Produce Available Saturday 18th December | Fern Verrow

Produce Available Saturday 18th December

A short break from the sub zero temperatures, but tomorrow they say that we are back to snow and ice! We are sure that we will be able to get to London on Friday night so don’t fret we will be there. We are harvesting tomorrow ( ahead of Fridays snow)  to ensure that we can bring as much of our own produce as possible, amongst these will be the first of our brussel sprouts, back breaking work but always worth the trouble for crisp, dare I say nutty little gems. At the Arch we will have a few ducks for sale and lots of smoked and unsmoked bacon. We have plenty of gammon (ham) joints in various sizes, all of which( beacause they are cured) will keep until Christmas and to the New Year. A very useful “larder ingredient”. We have posted our recipes for cooking ham, goose and duck. Please have a look at the lists below for more information on what we have  for sale this weekend and remember we will also be at The Arch NOT Borough on Thursday 23rd from 9am to 3pm.

How to cook a ham

Source: Jane Grigson

Firstly soak your ham in cold water for about six hours. Change the water. Add one or two carrots, an onion, and a couple of bay leaves. Bring to the boil, and simmer for 25 minutes per lb. Remove from stock. (save the stock, as it flavours soups very well.) Allow ham to cool for one hour. Trim off the skin. You then need to prepare your glaze. Mix something sweet, this can be brown sugar, honey or marmalade-with mustard and wine vinegar. Make this into a paste. Spread it over the fat on the ham. Put into a hot oven for half an hour until the glaze melts and turns golden. Keep an eye on this as the glaze can catch. Alternatively you can mix breadcrumbs with fresh green herbs, place on the ham, pour melted butter over it, toast in the hot oven. The ham can be served straight away – as hot, but of course you may leave it to cool and eat cold over a week.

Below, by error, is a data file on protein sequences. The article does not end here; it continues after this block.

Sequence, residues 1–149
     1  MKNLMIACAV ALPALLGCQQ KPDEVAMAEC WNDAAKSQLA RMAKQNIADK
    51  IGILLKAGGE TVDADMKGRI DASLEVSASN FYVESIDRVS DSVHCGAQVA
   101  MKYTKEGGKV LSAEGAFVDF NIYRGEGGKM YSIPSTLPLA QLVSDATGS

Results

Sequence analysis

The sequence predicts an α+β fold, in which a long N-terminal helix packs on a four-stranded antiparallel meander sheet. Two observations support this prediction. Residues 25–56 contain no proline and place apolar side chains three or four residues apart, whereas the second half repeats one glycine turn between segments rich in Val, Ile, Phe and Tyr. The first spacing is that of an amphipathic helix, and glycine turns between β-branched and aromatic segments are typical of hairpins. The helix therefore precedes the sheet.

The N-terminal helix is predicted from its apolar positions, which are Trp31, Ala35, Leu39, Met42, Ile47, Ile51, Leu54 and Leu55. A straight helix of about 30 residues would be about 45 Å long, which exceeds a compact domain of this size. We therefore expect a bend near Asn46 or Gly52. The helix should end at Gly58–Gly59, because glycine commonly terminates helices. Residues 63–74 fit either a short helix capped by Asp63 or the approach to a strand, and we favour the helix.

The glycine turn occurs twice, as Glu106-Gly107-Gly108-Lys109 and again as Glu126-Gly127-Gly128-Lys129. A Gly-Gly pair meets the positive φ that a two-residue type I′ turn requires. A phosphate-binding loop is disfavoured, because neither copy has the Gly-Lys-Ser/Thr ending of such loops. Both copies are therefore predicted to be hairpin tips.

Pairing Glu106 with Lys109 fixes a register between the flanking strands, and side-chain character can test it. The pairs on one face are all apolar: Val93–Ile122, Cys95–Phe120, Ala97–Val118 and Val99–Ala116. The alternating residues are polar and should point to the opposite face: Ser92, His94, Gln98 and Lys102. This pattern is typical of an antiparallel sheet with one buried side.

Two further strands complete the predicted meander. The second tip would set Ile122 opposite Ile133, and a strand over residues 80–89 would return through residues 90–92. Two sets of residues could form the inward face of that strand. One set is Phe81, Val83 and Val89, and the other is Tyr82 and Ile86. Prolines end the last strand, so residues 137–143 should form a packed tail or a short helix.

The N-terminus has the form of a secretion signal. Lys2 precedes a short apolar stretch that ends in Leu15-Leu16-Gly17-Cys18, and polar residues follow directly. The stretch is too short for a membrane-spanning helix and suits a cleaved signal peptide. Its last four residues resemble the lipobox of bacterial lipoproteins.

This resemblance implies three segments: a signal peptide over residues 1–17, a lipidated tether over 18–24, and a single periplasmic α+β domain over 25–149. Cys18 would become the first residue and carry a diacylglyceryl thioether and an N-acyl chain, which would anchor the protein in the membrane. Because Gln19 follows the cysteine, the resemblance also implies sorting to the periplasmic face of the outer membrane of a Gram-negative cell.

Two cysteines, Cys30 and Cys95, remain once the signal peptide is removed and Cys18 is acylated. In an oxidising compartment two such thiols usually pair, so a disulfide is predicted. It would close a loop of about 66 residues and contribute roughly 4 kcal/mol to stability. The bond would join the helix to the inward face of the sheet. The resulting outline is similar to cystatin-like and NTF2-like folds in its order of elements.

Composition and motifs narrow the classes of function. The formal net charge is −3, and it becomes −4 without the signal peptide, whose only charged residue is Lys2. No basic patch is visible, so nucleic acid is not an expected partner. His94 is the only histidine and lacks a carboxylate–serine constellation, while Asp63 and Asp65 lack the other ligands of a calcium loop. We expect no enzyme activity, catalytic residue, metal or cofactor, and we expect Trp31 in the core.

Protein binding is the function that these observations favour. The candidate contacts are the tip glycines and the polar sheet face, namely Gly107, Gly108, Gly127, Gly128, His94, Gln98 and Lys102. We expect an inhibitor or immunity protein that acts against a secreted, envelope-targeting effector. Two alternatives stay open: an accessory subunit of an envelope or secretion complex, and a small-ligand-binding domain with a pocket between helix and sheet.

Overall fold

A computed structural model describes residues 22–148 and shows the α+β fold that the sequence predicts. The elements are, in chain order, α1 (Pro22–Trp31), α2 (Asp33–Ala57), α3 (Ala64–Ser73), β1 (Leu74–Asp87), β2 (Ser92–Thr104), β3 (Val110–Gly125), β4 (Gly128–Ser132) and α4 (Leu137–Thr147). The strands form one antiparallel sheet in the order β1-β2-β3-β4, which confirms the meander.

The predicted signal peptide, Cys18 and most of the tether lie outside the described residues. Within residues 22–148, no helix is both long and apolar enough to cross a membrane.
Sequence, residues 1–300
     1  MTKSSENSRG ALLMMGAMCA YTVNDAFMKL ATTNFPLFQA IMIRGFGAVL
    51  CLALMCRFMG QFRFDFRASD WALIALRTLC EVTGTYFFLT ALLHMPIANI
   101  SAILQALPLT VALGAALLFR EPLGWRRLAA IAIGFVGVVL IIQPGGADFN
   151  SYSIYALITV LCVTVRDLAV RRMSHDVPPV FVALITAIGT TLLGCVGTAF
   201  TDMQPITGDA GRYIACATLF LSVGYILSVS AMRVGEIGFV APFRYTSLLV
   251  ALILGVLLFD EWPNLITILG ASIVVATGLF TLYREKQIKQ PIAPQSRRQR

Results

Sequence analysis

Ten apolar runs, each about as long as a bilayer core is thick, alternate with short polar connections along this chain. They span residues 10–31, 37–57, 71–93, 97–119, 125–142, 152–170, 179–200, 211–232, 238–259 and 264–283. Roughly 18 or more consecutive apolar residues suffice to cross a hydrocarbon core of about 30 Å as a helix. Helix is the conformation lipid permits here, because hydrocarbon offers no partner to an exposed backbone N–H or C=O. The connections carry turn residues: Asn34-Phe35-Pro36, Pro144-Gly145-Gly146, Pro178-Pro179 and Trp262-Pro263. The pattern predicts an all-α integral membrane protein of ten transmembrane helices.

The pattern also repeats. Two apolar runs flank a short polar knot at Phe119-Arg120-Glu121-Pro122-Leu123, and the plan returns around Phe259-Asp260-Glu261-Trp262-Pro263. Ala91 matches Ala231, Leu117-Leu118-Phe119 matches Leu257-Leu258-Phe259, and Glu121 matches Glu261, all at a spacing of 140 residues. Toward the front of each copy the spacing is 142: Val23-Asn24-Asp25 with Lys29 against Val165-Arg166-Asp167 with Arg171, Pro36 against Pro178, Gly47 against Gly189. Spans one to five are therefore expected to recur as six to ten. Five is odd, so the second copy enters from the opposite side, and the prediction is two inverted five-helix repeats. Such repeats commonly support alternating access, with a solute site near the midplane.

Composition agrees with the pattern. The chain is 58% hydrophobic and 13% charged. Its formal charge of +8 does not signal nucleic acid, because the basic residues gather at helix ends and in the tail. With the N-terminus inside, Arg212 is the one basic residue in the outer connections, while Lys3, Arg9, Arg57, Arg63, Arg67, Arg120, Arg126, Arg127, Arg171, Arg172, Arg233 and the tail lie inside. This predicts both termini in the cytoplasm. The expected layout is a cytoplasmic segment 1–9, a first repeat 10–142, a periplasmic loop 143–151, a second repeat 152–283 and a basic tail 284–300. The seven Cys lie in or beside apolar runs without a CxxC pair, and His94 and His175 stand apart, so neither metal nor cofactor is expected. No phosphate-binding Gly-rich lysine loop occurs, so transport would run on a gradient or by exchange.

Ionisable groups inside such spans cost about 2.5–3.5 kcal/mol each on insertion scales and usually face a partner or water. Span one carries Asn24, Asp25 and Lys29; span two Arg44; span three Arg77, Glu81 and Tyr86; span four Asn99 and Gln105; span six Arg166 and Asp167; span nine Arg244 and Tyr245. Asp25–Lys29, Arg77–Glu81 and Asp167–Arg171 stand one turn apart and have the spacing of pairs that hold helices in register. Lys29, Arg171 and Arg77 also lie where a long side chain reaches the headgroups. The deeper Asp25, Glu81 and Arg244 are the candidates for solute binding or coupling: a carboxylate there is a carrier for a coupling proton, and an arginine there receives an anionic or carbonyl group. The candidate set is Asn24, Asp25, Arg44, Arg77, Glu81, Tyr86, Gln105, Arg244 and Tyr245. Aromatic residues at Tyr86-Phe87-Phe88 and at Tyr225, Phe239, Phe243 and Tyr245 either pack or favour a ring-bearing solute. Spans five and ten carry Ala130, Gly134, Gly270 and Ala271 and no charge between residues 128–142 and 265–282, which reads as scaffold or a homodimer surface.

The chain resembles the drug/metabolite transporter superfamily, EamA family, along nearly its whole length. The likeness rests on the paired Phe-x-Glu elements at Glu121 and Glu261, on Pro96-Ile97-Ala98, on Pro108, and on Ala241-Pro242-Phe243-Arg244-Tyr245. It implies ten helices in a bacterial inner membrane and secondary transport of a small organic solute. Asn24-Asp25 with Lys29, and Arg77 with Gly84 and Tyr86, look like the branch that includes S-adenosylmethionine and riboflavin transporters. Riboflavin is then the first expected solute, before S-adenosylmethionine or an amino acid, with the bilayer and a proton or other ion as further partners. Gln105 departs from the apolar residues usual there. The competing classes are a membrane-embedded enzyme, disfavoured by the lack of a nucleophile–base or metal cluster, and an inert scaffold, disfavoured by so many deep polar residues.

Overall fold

How to cook your goose

Firstly, remove the bird from the plastic and allow it to air, and to reach room temperature. Stuff the goose. A fruity stuffing (apricots, prunes, apples or figs) as well as a sausage meat stuffing with lots of herbs is really delicious, as the fruitiness really compliments the dark meat.

Pre-heat oven to 190 degrees centigrade or Mark 5. Lay the goose on a small rack inside your roasting dish if possible, so that the bird is not sitting in excess fat during its cooking time. The fat may be drained off and used for roast potatoes. Goose fat reaches a high temperature and is renowned for producing great roast potatoes.

Prick the skin of the goose all over with a fork and season with salt and pepper. Lay some of the excess fat from the opening of the goose, or better still some Fern Verrow fatty bacon on the thighs to stop the legs from drying. Cover the bird with foil. Place in the oven. Roast a 4kg goose for approximately 3 hours, a 5kg goose for 3½ hours and a 5 ½ kg goose for 4 hours. Remove the foil 30-40 minutes before the end to allow to skin to brown and crisp up. Serve with the usual “trimmings” such as bread sauce and a good sharp apple or cranberry sauce.

How to cook a duck

Remove the Duck from the packaging, and pat the skin dry. Sprinkle a little salt on skin and place in a roasting tin, prick the skin with a fork and cover with foil. Add NO fat. Cook in a moderately hot oven for one hour. This allows the beautiful yellow fat to melt. Remove foil, baste with fat in the pan, turn heat up a little and allow skin to colour.

Half an hour before the bird is cooked mix up a sweet, fruity peppery glaze. I use a fruity jelly, for instance redcurrant, a dash of orange juice and rind, soya sauce, crushed peppercorns, honey, ginger or anything else that you think might be nice. The consistency must be able to coat and stick to the bird. Spread this onto the skin and cook for a further half an hour, basting regularly, and ensure that the glaze doesn´t burn.

 Remove bird from oven, carve, and serve with the juices from roasting tin. Cooking time should be about 25 mins per lb.

Footnote: i have heard from a very reliable source that steaming a goose or duck prior to a blast in the oven is a very good method for exceptionally tender meat.

For sale at 55 Stanworth st (9am-2pm) and Borough Market (8.30am-4pm)  this Saturday

Main Crop potato- Arran Victory, Cara, Desiree, Nicola
Red Russian Kale
Brussel sprouts
Cavalo Nero
Green Kale
Red and White Onions
Cabbages- Savoy and some crunchy green
Red cabbage- tasting very nice at the moment a house favourite
All the above is produced at Fern Verrow and is certified Biodynamic.
 Bought in Produce: All organic and in many cases biodynamic
Jerusalem artichoke- a purple variety of fine taste
Parsley and other herbs
Apples and Pears
Lambs lettuce
 Lemons- new season from Italy
Maron Chestnuts
Hazelnuts and Walnuts – both Demeter certified
Oranges…plenty of biodynamic delicious oranges from Italy

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